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The walls within: working with defenses against otherness

Online Conference 5-11 July 2021

Why School Systems Resist Reform: A Psychoanalytic Perspective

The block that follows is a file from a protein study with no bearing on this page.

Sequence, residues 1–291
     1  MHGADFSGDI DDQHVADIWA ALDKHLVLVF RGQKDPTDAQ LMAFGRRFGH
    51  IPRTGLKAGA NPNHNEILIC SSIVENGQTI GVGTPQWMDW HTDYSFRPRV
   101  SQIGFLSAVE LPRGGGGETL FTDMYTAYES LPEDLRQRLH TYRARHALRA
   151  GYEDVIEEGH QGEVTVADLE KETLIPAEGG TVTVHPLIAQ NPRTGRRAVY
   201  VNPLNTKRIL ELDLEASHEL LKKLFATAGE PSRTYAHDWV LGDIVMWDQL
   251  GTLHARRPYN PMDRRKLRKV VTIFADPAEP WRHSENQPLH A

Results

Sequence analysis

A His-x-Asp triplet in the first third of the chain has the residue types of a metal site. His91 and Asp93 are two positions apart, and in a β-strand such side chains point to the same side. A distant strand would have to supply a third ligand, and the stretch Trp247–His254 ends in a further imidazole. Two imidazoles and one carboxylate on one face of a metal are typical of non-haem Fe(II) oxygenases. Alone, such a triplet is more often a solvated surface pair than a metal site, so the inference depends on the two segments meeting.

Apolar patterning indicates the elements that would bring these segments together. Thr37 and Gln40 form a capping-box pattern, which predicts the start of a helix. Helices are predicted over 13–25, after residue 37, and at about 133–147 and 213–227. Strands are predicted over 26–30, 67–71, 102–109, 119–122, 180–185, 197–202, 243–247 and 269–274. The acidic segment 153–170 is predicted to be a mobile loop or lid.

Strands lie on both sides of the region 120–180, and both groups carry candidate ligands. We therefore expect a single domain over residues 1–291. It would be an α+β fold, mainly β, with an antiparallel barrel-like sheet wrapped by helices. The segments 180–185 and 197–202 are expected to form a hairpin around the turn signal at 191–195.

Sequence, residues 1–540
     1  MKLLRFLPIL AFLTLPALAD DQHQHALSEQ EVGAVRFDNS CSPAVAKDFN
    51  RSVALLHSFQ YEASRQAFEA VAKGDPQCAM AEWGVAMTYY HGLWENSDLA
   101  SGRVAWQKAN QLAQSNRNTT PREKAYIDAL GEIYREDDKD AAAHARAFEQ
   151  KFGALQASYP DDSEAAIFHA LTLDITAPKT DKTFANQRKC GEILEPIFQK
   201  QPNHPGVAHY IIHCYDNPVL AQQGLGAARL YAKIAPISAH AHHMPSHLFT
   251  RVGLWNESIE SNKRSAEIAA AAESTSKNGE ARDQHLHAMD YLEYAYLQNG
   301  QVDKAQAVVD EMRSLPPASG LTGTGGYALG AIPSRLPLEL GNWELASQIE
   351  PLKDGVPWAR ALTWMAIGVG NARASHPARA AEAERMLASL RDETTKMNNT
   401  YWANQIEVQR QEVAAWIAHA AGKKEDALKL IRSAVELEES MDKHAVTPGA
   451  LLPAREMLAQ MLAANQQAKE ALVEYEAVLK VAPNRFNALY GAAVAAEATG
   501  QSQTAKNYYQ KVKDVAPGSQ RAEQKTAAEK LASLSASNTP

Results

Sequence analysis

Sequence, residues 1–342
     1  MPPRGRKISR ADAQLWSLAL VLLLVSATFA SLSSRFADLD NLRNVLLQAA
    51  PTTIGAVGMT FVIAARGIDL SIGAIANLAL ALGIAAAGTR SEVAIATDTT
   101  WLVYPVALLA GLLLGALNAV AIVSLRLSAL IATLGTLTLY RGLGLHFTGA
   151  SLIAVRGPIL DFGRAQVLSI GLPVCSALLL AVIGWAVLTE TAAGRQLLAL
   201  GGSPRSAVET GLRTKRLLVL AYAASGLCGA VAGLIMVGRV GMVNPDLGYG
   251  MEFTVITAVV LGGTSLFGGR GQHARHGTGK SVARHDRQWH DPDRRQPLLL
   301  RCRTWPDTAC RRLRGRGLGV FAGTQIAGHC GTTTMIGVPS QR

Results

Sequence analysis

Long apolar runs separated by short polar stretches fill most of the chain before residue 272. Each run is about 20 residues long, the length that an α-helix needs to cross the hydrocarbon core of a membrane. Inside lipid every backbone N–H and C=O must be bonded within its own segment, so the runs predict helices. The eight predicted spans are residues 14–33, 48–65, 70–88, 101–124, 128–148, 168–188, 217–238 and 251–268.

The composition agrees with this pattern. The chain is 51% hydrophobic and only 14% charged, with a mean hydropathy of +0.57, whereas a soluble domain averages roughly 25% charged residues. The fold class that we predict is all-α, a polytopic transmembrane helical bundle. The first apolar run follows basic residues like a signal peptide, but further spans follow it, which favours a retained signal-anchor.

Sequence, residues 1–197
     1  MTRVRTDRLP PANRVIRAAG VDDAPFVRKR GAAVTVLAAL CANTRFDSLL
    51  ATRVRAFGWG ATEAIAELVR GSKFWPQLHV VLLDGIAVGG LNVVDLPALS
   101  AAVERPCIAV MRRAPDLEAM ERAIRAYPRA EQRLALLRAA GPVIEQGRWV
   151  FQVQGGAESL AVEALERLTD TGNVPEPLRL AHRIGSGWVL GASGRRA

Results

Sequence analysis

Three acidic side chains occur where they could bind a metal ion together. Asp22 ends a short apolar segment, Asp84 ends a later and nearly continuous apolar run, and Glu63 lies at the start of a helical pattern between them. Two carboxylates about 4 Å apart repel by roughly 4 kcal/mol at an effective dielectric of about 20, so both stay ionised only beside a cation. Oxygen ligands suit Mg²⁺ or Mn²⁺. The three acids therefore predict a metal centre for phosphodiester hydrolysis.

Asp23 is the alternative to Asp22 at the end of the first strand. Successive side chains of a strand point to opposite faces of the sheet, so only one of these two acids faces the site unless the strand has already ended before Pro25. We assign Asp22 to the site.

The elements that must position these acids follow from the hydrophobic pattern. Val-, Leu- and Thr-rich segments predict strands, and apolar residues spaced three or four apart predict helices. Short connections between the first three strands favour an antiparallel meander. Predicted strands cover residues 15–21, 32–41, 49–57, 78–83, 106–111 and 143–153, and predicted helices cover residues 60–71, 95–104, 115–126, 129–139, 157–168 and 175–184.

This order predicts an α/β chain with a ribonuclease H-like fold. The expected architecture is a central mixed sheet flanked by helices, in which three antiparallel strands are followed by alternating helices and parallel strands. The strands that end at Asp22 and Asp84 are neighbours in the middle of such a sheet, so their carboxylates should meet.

American urban school systems are dramatically failing to educate students. Reformers have proposed various innovations to improve education, but school systems have adopted few proposals. To the contrary, school systems seem to resist listening to outsiders and considering new ideas or actions. Three perspectives, examined by the paper in turn, offer different interpretations of this resistance. The rational perspective views educators as rejecting proposals because they are not based in solid knowledge. The social-political perspective holds that conflicting interests prevent consensus about directions for change and concerted action. The psychoanalytic perspective calls attention to the ways inadequacy of knowledge and conflicts of interest arouse anxiety for school system members and lead them to defend themselves by resisting outsiders, new ideas, and innovative practices. Simply put, they prefer failing, destructive practices to change.The school system confronts members of society and social institutions that place numerous, ambiguous, changing, conflicting, and sometimes unrealistic demands on schools. They expect schools alone to carry the burden of educating all young persons, even though there is no consensus about the purposes or methods of education and even though students bring widely ranging abilities and limitations to school.In examining the response of school systems to these expectations, the paper draws on Elliott Jaques' concept of requisite organizations: members of organizations can get work done when structures realistically fit tasks and connect workers trustingly to one another and to the larger society. In other words, organizations are socio-technical systems. When organizations fail to meet these conditions, work is problematic.Three conditions challenge the requisite institutional character of school systems. The first, highlighted by the rational perspective, concerns the inadequacy of available knowledge for tasks publicly assigned to the schools. Educators lack the technical knowledge to teach the children they encounter. The second is a peculiar structure of many school systems, illuminated by the social-political perspective. School systems create highly bureaucratized central administrations in efforts to respond to the many public demands, while buffering classroom teachers from these pressures and giving them considerable autonomy, in the hope they will be able to do what is necessary to teach students. The typical results, however, are for administrative activities to become rigidified and for classroom activities, only loosely coupled to administration, to become isolated and anarchic. In the end, teachers cannot find and use knowledge that would enable them to teach more effectively.Both these conditions are potentially remediable, if educators gained knowledge about teaching and sophistication about organizational design. In contrast, a third condition challenging the requisite institutional character of school systems is intrinsic to the core activities of schools, which require adults and children to spend a great amount of time together in classrooms. The structure of classroom teaching unconsciously resembles, recalls, and encourages enactment of Oedipal fantasies. Teachers become vigilantly anxious about children's aggressive and libidinal impulses toward them and about their own aggressive and libidinal responses. Consciously, teachers worry continually about students getting out of control.The scarcity of technical knowledge, alternating risks of rigidity and anarchy, and ever-present temptations to act on aggressive or sexual impulses make it hard to organize school systems to accomplish the work of education. These systems respond in two ways that hinder the work of education and prevent learning that could improve it. In general, the inability to satisfy work demands leads members of school systems to regress; the organizations become what Jaques and Kernberg describe as paranoiagenic. Staff have difficulty maintaining a depressive position, through which they could recognize and appreciate the intellectual, social, psychological, and moral complexity of schools, staff, students, and society. They regress to a paranoid-schizoid position, in which they experience outside members of society, other staff, and students as critics and enemies. Staff fragment their world into factions, they warily collect a great deal of information before acting, and, when they do act, they move in disjointed incremental steps. At the same time, several conditions combine unconsciously to stimulate a second pathological response. When staff members experience organizational paranoia, they create many new units and activities, which call for coordination. Anxiety about controlling these entities compounds paranoid anxiety and anxiety about failing to satisfy work demands. Regressing in response, educators are especially likely to experience relations with students in Oedipal terms and to feel even more anxious about keeping associated impulses under control. All these anxieties reinforce one another in building a strong interest in keeping everything under control. Adults who are anxious about Oedipal relationships typically defend themselves by regressing to obsessive-compulsiveness. They turn to isolation as a way of thinking. 'Rational' thinking becomes a way of avoiding impulses to act in dangerous ways. Analysis becomes a way to avoid seeing whole pictures that are frightening. Intricately detailed 'planning' becomes a way of isolating thinking from the dangers of action. Numberless regulations specify precisely what everyone may and may not do. Paranoid and obsessive-compulsive practices become second nature as school system social defenses against these anxieties. In both paranoia and obsessive-compulsiveness, staff pay far more attention to structures - in paranoia, those governing external relations; in obsessive-compulsiveness, those governing internal relations - than to educational substance. Both tendencies contribute to building up the central bureaucracy--to protect the system and staff from external threats and to regulate relations among staff and students. These defensive structures are set to do battle against new people, ideas, or practices. Building and maintaining these structures leaves little energy for increasing substantive educational knowledge or developing structures that could enable teachers to act on that knowledge. School systems end up de-authorized and de-authorizing institutions. Few members feel authorized to take any initiative. And, as often as not, when members make decisions, they do so to prevent action, rather than to facilitate it. For a full version of this paper, contact the author.